Matsushima in Miyagi Prefecture, Japan


Matsushima Bay, Godaido, Zuiganji and Entsuin Temples, and Fukuurajima are places of interest in Matsushima that are all within walking distance.



Matsushima means “Pine Islands” because of the 260 scattered islands on Matsushima Bay that are covered with pine trees.


Stories had it that back in the day crossing the Fukuurajima Bridge was used as a test whether a person is ready to see a Buddha or not.


Godaido not only has a temple, but a vantage spot to view Matsushima Bay.



Matsushima is famous for an iconic one-eyed samurai named Date Masamune.


He rebuilt Zuiganji Temple, and is the temple to visit when in Miyagi Prefecture.


Next door is Entsuin Temple, built in honor of his grand son.


A beautiful garden will guide you there.


My favorite of all are these stone statues before entering Zuiganji.

The whole pathway is actually a cemetery. There are these rocks that were carved out to form caves. These caves house ashes of the deceased. The vibe there was weird but it was wondrous and quite fascinating.


There are also interesting sculptures in between the stone statuary.


This one is to pay tribute to eels. Japanese loves eels, and this is to thank and apologize eels for eating them. 🙂


Matsushima is also known for their delicious oysters.


Japan is an interesting and wonderful exotic country with rich history and culture. Matsushima further reaffirms that.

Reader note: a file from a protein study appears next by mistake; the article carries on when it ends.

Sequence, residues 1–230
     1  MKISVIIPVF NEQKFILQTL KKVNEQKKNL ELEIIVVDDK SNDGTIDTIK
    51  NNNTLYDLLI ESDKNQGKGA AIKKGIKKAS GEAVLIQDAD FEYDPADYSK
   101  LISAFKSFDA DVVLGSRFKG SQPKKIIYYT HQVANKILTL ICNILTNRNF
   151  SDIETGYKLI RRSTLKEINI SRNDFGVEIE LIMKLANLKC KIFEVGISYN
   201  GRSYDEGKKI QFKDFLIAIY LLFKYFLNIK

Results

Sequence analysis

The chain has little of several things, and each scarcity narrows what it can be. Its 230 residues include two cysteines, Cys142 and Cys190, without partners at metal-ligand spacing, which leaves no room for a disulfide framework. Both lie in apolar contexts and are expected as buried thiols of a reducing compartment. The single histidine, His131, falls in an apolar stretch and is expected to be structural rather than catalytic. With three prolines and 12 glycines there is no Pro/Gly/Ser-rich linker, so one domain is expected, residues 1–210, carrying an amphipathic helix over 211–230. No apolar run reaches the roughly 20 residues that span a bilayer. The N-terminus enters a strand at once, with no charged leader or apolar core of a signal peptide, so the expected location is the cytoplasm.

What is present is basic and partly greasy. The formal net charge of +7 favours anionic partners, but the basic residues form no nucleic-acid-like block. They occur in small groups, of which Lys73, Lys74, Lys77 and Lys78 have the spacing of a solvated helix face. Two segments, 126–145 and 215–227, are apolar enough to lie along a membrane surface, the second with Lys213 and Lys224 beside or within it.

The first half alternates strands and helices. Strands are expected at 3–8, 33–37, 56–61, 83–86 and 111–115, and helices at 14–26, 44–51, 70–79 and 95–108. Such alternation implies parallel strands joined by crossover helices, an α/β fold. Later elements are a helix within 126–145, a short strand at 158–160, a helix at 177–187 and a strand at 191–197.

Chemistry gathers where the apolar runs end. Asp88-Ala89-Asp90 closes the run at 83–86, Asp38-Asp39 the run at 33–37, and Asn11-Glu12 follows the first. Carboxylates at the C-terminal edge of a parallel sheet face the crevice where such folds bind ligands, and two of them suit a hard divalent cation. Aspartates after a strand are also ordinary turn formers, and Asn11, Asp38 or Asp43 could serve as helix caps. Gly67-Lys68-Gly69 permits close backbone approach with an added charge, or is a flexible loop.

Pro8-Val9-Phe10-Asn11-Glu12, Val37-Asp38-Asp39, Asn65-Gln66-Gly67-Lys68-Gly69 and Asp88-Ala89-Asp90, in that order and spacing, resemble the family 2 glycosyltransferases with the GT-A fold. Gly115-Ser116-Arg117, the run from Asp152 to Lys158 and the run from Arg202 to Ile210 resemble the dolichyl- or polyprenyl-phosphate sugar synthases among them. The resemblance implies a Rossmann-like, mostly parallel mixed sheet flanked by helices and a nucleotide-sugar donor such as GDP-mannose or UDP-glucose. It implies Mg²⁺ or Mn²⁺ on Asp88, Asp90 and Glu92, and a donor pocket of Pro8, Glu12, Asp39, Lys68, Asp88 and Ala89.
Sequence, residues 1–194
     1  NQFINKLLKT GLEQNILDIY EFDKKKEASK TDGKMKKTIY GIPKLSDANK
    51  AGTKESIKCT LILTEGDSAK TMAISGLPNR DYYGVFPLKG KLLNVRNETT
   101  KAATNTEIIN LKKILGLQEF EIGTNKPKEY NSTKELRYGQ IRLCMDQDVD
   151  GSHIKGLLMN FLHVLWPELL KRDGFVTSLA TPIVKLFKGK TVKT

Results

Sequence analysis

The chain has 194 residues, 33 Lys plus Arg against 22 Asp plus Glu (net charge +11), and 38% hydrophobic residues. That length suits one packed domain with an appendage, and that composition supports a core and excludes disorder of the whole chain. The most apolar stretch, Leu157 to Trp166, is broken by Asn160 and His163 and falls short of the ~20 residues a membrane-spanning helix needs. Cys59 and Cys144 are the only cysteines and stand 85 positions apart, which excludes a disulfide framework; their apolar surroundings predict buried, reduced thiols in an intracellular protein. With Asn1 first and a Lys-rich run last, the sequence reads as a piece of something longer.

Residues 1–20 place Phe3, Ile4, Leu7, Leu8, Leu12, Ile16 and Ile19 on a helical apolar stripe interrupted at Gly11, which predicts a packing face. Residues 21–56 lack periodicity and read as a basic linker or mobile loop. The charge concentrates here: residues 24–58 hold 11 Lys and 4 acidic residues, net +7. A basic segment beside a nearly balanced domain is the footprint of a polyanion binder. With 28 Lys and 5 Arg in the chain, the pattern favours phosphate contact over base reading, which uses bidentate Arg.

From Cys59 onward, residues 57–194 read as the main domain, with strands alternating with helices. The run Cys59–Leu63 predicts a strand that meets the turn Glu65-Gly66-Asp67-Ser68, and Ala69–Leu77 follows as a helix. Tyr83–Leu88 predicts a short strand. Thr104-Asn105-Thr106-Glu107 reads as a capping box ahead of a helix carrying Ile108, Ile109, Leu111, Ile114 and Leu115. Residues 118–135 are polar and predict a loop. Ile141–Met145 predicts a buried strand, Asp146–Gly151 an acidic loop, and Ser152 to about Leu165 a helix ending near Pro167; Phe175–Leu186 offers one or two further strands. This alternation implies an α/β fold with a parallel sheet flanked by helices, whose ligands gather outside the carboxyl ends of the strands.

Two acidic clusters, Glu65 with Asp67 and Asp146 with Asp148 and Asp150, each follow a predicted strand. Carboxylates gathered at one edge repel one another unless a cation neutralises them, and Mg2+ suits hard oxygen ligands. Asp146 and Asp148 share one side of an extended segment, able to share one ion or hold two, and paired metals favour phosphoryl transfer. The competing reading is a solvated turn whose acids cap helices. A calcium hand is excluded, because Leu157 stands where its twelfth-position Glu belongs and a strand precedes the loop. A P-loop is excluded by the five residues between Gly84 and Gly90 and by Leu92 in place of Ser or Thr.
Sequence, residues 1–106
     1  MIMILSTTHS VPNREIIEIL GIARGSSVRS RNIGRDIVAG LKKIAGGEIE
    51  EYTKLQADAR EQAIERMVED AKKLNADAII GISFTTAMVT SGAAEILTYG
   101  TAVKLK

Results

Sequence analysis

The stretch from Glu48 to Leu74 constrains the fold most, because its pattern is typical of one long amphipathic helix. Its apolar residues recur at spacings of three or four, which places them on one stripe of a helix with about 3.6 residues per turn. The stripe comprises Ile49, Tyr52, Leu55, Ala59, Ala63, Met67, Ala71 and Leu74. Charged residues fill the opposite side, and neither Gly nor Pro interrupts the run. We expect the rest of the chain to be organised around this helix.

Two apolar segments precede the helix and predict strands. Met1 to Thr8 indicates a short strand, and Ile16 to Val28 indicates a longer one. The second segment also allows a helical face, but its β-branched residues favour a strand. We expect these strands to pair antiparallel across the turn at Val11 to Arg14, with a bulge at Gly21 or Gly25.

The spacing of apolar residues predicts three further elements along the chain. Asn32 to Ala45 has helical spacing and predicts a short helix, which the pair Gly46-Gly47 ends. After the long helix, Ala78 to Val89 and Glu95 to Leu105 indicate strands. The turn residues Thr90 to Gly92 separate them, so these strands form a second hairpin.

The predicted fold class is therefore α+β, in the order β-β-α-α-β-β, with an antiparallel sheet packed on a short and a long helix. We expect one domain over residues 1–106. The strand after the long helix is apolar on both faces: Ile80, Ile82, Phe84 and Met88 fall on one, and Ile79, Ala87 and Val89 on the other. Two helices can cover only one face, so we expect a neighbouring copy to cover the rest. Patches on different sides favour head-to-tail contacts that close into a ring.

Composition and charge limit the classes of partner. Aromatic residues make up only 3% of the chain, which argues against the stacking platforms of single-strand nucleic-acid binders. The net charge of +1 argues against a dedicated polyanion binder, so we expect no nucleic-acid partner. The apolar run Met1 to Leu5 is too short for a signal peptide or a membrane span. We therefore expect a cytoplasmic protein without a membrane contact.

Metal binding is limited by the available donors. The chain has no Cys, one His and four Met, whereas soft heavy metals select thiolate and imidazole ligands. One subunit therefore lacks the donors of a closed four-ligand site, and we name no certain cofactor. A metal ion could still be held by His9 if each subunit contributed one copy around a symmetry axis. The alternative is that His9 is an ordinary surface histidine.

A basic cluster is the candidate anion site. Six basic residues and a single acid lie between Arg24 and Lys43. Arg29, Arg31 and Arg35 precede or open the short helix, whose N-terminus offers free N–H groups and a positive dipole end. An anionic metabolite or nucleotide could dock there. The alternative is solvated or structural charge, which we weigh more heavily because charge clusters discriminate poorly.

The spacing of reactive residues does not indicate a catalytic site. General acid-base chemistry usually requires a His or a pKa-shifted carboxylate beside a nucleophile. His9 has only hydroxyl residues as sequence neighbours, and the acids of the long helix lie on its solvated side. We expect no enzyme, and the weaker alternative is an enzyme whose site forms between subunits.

Last Calls…



Categories: Japan, Travel

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12 replies »

  1. Beautiful! I wasn’t aware of the beauty of that area, as many may not be. Possibly the proximity (relative though) to Fukushima isn’t in favor of this regions recent promotion?

  2. I see that Fall color is coming to the Maples in the gardens. Lovely. I planted a purple, Japanese maple at our place about 20+ years ago. I think our my travels in Japan each time I see it. The cemetery sculpture have a number of similarities to Hindu images, such as the multi-arm figures of Shiva and the Stupa grave markers. Not imagary that I am familiar with in Japan.

  3. I couldn’t begin to pinpoint it on a map but wherever it is it’s beautiful. 🙂 The watery shot and the endless path that follows it are my favourites, Rommel.

  4. I have leaned much to appreciate Japanese architecture and its culture through your posts and photos. They put lots of effort to preserve.

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